Third point. If we didn't like the day after strategy in Iraq, we don't have a day after strategy in Iran. I think attacking Iran by air, one, would not be particularly effective; two, would generate enormous nationalism, a huge international outcry; and, you know, a series of orchestrated attacks against our allies -- let's just start with Israel, which is, you know, within close range. So I don't think we have that in hand.

Finally, I do think that coercive economic sanctions are working. You talk to people like Bob Kimmitt, whom I respect very much, and what the Treasury Department has been trying to do and what the U.N. has been trying to do is working. So we have a plan.

I was surprised by what Sarkozy said, but it's interesting. It's interesting because it shows that France is changing, and it shows that he's not afraid to say things like that in the interest of preventing the world from a nuclear Iran, which, so far as I can tell, could be a very large destabilizing event.

DE BORCHGRAVE: In Paris last week during the -- I met with the head of think tank who is a socialist, and he said it's absolutely imperative that the U.S. opt for bombing Iran because Western civilization was at stake. I was very surprised to hear this from a socialist. The next day a right-of-center contacted me and said exactly the same thing. And you hear this in the -- among our Jewish friends all the time, including Norman Podhoretz, who after all is the grandfather of the neocons.

HARMAN: Yes. He's written an article, I think it was --

DE BORCHGRAVE: In Commentary in June.

HARMAN: -- in Commentary, that says the case for bombing Iran -- I don't buy the case for bombing Iran at this point.


What are your thoughts on John Edwards' proposal to create a counterterrorism and intelligence treaty organization? Richard Dearlove, the former head of MI6 who retired in 2004 -- Tom Sanderson, my deputy who's here today, and I had dinner with him the night he leaving MI6 -- he said, "The time is indeed at hand for a multilateral sharing of intelligence in real time." But it's an idea, he says, has come, but it probably won't happen for another another few years. How do you feel about this?

HARMAN: Well, I don't know how I feel about a formal organization. I know how I feel about intelligence sharing -- I feel bullish about the need for intelligence sharing, and it happens.

I mean, one of the strong stories in the '90s, even as we were disinvesting in intelligence, which turned out to be a mistake -- to remind everyone, we declared a peace dividend after the Berlin Wall came down in 1989, and in the Bush I administration we reduced our expenditures on intelligence and defense. But at any rate, one of the unsung intelligence successes is -- was and is -- the strong liaison relationships that we have. We and the Brits and the Australians and the French -- even while we were being criticized politically by the French -- and others have shared intelligence in real time for years, and let's add a number of Middle Eastern countries, too. And what I hope is is that the quality of our intelligence worldwide improves, the quality of our sharing of intelligence continues.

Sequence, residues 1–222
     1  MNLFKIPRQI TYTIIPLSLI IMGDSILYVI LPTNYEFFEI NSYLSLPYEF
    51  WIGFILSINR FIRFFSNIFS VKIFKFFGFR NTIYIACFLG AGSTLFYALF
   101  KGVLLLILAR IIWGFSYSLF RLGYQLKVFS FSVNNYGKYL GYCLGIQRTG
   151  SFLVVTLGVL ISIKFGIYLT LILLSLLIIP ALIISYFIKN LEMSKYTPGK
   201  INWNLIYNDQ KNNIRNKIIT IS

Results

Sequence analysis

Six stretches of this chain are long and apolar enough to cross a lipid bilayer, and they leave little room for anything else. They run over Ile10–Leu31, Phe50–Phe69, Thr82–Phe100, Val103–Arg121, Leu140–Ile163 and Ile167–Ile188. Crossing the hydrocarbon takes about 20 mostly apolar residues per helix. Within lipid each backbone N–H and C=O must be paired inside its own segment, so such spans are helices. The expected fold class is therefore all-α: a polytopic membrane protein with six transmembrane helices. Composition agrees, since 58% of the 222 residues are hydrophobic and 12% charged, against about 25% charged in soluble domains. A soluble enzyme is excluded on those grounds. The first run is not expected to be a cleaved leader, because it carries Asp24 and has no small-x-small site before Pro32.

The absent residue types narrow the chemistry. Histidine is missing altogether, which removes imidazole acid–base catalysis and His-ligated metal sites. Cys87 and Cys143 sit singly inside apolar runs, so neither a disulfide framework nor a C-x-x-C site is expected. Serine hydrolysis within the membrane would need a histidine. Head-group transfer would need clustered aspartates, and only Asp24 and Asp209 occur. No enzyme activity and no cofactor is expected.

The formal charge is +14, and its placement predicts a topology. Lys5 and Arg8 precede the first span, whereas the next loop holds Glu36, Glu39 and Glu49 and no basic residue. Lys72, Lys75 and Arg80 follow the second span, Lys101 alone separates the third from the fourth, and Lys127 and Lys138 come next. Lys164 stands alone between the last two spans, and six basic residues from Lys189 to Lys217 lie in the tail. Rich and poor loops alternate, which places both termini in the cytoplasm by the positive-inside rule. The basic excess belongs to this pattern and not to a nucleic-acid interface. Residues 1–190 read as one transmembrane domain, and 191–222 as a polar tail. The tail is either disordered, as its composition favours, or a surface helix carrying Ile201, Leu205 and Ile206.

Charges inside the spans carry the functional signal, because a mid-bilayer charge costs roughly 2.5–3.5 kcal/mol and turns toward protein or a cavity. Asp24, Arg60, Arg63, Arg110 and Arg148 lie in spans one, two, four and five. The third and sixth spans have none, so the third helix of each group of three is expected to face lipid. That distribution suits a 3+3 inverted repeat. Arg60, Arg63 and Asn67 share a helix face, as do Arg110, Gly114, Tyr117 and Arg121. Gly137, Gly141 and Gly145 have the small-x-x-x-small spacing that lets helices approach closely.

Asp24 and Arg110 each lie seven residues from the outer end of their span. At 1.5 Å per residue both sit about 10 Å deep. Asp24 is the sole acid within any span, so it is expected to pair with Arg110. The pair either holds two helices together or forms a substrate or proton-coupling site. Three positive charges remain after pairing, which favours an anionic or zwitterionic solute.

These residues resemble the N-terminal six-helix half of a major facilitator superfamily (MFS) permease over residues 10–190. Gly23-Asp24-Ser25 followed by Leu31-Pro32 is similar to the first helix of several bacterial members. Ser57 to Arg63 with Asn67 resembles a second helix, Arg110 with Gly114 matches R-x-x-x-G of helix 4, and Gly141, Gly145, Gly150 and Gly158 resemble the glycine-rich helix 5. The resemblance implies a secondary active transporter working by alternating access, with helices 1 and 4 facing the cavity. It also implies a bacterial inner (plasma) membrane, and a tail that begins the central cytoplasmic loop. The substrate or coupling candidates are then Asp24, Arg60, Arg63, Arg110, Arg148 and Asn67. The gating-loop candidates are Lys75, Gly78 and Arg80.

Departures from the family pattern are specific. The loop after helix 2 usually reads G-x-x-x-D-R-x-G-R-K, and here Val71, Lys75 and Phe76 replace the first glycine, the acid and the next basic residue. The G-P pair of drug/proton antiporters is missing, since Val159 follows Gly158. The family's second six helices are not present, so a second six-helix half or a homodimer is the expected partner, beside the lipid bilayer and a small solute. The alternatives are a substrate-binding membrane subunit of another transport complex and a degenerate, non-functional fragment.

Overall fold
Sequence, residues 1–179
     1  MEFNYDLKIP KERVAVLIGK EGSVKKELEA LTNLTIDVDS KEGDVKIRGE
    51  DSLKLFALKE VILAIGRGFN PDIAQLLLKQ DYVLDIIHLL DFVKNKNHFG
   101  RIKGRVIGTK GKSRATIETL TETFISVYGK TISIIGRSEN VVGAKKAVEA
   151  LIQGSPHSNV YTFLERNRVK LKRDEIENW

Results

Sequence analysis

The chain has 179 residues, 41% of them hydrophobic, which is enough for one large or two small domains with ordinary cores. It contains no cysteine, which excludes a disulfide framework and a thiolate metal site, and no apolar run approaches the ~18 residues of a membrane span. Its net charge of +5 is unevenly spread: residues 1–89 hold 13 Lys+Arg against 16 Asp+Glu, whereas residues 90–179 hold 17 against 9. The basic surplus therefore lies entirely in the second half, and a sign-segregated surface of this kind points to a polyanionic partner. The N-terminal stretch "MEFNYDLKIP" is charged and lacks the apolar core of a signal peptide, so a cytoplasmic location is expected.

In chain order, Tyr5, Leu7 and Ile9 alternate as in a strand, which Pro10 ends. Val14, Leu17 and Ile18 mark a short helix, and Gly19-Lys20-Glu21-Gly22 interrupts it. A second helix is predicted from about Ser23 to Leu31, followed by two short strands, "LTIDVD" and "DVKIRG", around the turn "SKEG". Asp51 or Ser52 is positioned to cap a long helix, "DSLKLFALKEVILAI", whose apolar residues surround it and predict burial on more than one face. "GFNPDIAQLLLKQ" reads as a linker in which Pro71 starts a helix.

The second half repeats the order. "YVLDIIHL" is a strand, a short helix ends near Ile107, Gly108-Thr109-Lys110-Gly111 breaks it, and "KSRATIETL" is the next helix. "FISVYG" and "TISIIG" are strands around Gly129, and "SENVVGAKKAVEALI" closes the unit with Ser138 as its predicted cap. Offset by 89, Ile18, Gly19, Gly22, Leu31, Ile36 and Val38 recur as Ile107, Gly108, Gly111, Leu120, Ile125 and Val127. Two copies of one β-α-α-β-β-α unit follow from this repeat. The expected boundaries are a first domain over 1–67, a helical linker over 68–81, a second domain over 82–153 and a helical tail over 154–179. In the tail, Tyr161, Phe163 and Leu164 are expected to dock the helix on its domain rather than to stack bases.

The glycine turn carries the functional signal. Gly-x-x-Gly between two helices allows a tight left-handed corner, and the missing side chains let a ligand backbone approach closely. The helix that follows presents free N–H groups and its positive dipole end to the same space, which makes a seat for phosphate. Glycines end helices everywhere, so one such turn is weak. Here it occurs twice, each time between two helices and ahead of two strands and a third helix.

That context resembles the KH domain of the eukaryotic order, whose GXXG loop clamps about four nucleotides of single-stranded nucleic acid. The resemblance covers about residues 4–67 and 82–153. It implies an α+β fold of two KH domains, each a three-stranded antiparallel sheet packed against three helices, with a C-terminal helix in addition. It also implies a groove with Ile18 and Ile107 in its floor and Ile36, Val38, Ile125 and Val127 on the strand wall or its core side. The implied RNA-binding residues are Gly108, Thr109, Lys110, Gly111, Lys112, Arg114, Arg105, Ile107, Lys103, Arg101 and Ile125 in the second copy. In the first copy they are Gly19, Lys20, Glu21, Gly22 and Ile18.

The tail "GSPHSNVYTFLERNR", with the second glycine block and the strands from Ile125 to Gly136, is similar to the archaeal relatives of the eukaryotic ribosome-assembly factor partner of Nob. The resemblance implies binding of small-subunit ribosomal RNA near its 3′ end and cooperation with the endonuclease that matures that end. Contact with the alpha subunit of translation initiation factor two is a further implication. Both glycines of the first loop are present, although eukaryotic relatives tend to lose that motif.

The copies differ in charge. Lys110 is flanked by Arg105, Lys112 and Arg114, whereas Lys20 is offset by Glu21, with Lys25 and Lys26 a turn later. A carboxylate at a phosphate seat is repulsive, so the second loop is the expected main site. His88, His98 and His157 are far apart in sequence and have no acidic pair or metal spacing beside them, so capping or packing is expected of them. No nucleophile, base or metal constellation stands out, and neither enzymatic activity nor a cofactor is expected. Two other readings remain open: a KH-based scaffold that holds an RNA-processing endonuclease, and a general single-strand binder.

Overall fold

We can't do this alone. We can't figure out the plots. We can't penetrate the plots. We don't look like the folks in Osama's cave. Other people do, and those are the people we have to be working with.

DE BORCHGRAVE: Before we turn it over to questions, if a Democrat again wins the White House in 2009, what changes, if any, can we expect with some of the issues that plagued the Bush administration, such as wiretapping, the FISA process, Guantanamo, the role of the DNI, performance of DHS and border security?

HARMAN: Well -- (chuckles). (Laughter.) He has a way of asking a narrow question, doesn't he? (Laughter.)

I'm glad you brought that up because I think that even now Congress has the responsibility to act to put a framework around a number of the new legal -- I wouldn't want to call them legal -- the new policies that this administration has adopted since 9/11. I think Congress is somewhat at fault for our failure to act. Now that the Democrats are in charge, we really must act. And I do believe we can build bipartisan support for efforts to put legal frameworks around these policies.

I think it was a grave mistake to start some of these programs and claim that they were justified in perpetuity by the president's commander-in-chief authorities under Article II. I don't think that is correct, and I think that a much more appropriate strategy would have been one that some of us suggested, which was to say, "It's a new world, we need new tools."

And just as in the effort to ask for a Patriot Act, which I supported, this administration should have asked for clear authority on detention, interrogation, the location of a prison offshore in a place like Guantanamo -- there was no request for permission to do that -- et cetera, and what policies would attach. And now the Supreme Court and other courts are requiring this administration to go back and justify some of these things -- and oh, by the way, many of these things are going to have to be changed.